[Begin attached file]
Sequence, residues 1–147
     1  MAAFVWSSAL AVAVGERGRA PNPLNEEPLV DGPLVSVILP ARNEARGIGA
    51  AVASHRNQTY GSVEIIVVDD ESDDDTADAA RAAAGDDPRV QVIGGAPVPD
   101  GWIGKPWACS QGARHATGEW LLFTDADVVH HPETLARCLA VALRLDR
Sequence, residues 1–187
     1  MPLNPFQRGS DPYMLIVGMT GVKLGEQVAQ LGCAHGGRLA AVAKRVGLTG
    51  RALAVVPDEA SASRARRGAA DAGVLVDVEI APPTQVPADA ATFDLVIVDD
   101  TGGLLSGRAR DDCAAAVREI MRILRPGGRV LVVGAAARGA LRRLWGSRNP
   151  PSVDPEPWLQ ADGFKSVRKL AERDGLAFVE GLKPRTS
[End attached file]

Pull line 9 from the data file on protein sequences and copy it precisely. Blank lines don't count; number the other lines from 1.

   151  PSVDPEPWLQ ADGFKSVRKL AERDGLAFVE GLKPRTS